GEOG 583
Geospatial System Analysis and Design

Welcome to GEOG 583 - Geospatial System Analysis and Design

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Geography 583 is a required course in the Penn State Professional Masters in Geographic Information Systems. This course surveys a range of contemporary systems analysis and design methods through case studies, collaborative work, and critical reading/writing. Key topics in the course outline the broad range of current GIS systems, how they are designed and evaluated, and how emerging technologies may impact their design and implementation in the near future.

Want to join us? Students who register for this Penn State course gain access to assignments and instructor feedback and earn academic credit. For more information, visit Penn State's Online Geospatial Education Program website.

Professor Introductions

Alan MacEachren

Alan MacEachren directs the GeoVISTA Center, an interdisciplinary geographical information science center. GeoVISTA conducts and coordinates integrated and innovative research in GIScience, covering a broad range of domains from spatial cognition, through formal geo-information representation, to spatial analysis, cartography and visual analytics.

MacEachren’s own research roots are in cartography and spatial cognition. His current research interests cover a wide spectrum of GIScience topics. These include: geovisual analytics, geovisualization and exploratory spatial data analysis, geosemantics and geographical information retrieval. Applications domains to which his research connects include public health, crisis management, and environmental science.

Click for a transcript of Alan MacEachren's Intro Video.

Hi. Alan MacEachron, professor of geography and information sciences and technology here at Penn State. I've been here a little bit more than 30 years doing research and teaching in cartography, visualization, and various aspects of geographic information science. Last couple of years I've been focusing in quite a bit on place and big data.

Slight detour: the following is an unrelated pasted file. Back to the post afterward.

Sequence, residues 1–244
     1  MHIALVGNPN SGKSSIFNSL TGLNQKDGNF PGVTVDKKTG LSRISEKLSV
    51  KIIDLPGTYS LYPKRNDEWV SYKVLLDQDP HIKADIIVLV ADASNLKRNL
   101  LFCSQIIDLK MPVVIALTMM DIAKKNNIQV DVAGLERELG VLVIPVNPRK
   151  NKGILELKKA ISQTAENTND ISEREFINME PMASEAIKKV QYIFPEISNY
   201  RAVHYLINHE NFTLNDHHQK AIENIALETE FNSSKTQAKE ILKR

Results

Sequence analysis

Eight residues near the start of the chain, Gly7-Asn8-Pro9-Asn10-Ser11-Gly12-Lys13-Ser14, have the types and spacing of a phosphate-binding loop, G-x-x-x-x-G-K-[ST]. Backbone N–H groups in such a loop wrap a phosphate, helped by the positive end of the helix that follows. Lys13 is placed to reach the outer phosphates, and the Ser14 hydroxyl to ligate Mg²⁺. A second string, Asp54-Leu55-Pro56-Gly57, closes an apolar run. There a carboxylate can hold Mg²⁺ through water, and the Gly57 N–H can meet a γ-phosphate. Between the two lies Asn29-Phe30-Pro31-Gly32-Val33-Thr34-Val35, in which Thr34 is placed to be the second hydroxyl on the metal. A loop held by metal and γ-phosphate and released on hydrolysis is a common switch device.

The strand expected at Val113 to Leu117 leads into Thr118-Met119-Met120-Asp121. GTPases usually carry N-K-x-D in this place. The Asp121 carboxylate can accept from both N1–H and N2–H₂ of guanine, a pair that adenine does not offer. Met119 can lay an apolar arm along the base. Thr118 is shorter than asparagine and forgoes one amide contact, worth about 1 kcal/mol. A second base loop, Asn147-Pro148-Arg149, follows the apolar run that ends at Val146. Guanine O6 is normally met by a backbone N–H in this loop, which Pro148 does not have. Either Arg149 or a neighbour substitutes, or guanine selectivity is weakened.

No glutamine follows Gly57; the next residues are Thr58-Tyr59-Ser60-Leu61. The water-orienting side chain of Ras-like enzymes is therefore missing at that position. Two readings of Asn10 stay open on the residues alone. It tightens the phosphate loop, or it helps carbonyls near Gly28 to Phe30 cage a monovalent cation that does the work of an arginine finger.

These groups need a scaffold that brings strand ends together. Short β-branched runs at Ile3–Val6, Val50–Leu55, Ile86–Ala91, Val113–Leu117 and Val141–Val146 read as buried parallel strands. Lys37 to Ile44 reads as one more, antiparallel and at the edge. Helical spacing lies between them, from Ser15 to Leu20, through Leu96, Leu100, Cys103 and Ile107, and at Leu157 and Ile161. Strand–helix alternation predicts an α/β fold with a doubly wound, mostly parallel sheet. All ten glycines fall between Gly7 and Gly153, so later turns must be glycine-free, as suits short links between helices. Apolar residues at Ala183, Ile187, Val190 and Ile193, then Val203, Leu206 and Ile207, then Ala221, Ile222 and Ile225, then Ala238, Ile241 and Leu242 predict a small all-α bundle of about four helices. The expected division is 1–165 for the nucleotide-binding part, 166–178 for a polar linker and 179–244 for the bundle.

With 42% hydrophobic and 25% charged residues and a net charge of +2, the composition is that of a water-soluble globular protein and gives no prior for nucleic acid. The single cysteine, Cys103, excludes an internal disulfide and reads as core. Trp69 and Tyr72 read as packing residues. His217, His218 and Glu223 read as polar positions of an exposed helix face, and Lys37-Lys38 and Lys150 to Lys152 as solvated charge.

Like most of the faculty in our department, I spend most of my time working. But when I do have a chance to get away from work, my main outdoor activity is bird watching. I've been trying figure out over the last several years how to combine that bird watching activity with some of my research.

Finally have an opportunity to do that. I gave a talk in Germany last year on place and big data, and I happened to mention the large citizen science project at Cornell University called eBird. It collects data from bird watchers around the world, and they now have about half a billion bird sighting records in eBird. I put in about 2,400 of those myself. I'm sitting here on my porch doing a little bit of morning bird watching. Here's the bird list for just the birds that I saw from my porch here this morning.

At any rate, I got some colleagues in Germany, some computer scientists, interested in this topic. And they decided to do a visual analytics research project trying to take advantage of these eBird data, but with a particular focus on the many kinds of uncertainty-- spatial, temporal, and attribute uncertainty that exist in these data. The data are really important for modeling migration of various species around the world, but you need to understand the uncertainty in order to do good modeling.

So hopefully, maybe in about six months or nine months, you'll get a chance to see a paper that comes out from this collaborative work where I've been able to attach my birding hobby to my visual analytics research. I hope to see some of you in one of my classes this year or perhaps off at a conference. I'll be heading to Melbourne, Australia for the GIScience conference in a few weeks. Hope to do a little bit of birding there, myself. Or maybe with your binoculars I'll see you out in the field doing some birding with me.